Australia Imagined: Views from the British Periodical Press.
You could not be more nineteenth century Australia than this book. Periodicals or Magazines were a most important part of British culture during the century. British ideas and culture from 'home' were exported to the various British colonies round the world at regular intervals. Australia was no exception and most of the well to do residents had their subscriptions to periodicals like Household Words, Edinburgh Review, Fraser's Magazine The Athenaeum and Fortnightly Review to mention a few of the better known periodicals.
The editors of this book Judith Johnson and Monica Anderson must have had great fun searching and reading this wide range of articles both serious and amusing on many subjects related to Australia. There are seven or eight articles on each subject ranging from transportation, The Aboriginals, British emigration and letters home to Colonial life, women and men, the Chinese and Federation. In effect the selection of articles presents a picture of Australian society as seen by the British (English) during our Colonial period. The inclusion of some articles on the move to Federation brings to a satisfactory conclusion the view of colonial Australia.
The introduction states that the articles are given full bibliographical details making it relatively easy for any reader to follow up particular articles. There is a listing of further reading and a limited index. The names of many Australian writers appear in the list of further reading which does include John Lang which was naturally the first part for me to look up but not through the index. In fact the index contains few names. It is easy to criticise things left out but it is more important to praise the things that are included.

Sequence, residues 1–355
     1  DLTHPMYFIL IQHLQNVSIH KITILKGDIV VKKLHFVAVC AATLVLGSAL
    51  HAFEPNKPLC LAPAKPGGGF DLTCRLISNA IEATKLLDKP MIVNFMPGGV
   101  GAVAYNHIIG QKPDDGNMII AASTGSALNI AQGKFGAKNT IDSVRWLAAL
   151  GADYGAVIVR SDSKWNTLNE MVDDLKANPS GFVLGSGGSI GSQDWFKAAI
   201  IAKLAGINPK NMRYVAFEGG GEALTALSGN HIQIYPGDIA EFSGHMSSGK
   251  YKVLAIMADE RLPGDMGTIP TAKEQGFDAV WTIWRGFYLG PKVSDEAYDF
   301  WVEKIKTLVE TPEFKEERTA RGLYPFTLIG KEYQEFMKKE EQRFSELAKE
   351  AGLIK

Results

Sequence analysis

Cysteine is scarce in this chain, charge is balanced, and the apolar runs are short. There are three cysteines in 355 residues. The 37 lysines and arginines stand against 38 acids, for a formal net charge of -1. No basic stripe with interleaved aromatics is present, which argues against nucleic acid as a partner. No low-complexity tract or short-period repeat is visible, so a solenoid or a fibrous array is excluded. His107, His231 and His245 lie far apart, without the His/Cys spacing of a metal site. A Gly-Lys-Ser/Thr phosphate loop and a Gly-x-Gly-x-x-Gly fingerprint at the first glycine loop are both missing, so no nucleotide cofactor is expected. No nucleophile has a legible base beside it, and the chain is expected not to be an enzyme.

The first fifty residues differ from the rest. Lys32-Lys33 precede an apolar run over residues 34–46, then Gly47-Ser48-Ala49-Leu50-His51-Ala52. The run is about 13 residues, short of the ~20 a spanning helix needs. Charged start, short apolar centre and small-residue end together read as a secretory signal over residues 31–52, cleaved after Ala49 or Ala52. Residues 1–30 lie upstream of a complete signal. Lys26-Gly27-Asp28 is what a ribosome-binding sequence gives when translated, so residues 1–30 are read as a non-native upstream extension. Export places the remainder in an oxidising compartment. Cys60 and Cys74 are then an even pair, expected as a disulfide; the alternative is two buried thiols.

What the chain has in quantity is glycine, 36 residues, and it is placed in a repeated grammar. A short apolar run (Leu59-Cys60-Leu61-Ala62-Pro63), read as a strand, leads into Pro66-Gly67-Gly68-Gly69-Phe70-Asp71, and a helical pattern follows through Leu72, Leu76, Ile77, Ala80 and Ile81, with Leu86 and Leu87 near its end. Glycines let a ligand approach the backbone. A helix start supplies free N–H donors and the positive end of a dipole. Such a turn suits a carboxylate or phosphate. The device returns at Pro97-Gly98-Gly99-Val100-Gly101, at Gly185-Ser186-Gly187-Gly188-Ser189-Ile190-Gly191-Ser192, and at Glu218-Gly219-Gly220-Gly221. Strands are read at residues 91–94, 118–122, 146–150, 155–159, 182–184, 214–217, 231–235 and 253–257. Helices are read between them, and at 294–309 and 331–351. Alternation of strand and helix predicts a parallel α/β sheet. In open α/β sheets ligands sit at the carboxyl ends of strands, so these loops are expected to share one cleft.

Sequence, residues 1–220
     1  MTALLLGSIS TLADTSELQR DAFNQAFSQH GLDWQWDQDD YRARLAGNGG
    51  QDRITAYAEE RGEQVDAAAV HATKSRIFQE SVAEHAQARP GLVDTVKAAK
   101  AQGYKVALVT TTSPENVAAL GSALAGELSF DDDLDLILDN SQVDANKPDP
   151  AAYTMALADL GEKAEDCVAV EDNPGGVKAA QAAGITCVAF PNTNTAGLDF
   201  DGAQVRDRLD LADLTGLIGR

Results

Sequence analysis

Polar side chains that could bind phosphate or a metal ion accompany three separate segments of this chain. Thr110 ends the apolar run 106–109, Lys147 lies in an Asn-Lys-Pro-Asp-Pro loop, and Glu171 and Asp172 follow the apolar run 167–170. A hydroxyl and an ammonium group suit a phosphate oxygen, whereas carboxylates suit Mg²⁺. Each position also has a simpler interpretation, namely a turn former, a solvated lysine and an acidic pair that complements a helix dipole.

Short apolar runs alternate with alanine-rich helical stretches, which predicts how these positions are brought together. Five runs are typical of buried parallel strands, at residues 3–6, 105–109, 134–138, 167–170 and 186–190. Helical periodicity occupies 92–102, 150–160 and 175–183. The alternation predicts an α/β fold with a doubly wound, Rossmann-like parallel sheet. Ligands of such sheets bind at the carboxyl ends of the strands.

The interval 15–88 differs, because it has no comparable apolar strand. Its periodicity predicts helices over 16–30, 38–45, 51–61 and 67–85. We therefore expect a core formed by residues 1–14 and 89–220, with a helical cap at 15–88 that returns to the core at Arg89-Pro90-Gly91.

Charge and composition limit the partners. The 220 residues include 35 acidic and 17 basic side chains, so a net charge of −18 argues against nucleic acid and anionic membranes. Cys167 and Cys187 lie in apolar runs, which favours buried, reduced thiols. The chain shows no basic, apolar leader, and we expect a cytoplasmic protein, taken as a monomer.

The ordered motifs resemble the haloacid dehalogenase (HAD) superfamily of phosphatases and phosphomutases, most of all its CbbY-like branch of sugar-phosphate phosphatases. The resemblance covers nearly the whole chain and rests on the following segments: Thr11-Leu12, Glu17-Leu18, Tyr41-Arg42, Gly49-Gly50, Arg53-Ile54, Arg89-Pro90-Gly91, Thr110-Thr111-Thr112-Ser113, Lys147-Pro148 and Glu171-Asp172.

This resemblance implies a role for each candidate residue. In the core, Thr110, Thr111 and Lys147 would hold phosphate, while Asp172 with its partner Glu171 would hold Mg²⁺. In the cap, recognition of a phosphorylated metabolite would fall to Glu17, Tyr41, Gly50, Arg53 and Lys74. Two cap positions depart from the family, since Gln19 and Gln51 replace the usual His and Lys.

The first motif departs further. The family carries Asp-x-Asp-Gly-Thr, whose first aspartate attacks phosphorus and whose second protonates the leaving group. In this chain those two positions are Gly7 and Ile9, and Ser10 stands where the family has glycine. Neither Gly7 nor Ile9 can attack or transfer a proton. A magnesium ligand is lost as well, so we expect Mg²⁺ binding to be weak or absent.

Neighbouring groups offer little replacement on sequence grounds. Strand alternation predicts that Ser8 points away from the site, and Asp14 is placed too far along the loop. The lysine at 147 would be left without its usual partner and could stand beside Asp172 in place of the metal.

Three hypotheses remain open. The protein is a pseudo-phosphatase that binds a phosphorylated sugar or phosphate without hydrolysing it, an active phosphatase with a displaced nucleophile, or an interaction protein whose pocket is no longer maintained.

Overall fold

One is an article by Catherine Helen Spence, for example 'An Australian's impressions of England, 1866.' Interestingly she states that 'Although our [Australian] institutions are different, and our social distinctions less marked, we are still emphatically English and it will take several generations before we can have a distinct national character of our own.' This is in 1866 and a national character was emerging in the Australian born in New South Wales, but as Catherine Helen Spence said it would take a couple of generation for it to become universal.
One of her comments is on the enormous size of the towns and the city of London and the contrast between the elegantly dressed riders in Hyde Park with the ragged beggars on every street corner. She emphasises the differences in scenery the trees and mountains often to the advantage of her Australian home. This is an article all Australians should read because it points to the variety of English life and dispels many of the stereotypes so often depicted.
It is impossible for a review to discuss every article. Two articles I must mention. One is an article by Louisa Lawson 'The Australian Bush woman 1889' and the other by Ellen Clacy 'An Australian Home 1863' giving an Australian view of women's role to English readers. Not all the articles are by or about women although there are many, but the men do appear. Some of the extracts from articles are puzzling. One by Charles Kingsley, not his brother Henry, seems pointless because it is an attack on the unatheletic British youth and Australia is mentioned in passing at the end with a comment that the Britisher would cut a sorry figure in Australia or India.
There is much to enjoy and amuse the reader in this collection. I hope that it is only the first of a series of anthologies giving Australians a few insights as to how we were viewed by nineteenth century readers of the periodicals in both Britain and in our homeland.
The book is attractively produced with a few illustrations one of which adorns the cover which I reproduce below. The University of Western Australia Press has done a good job but it should have had an index of names. Buy it and read it or if you cannot afford it ask your local library to buy a copy.
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|Publication:||M A R G I N: life & letters in early Australia|
|Date:||Nov 1, 2006|
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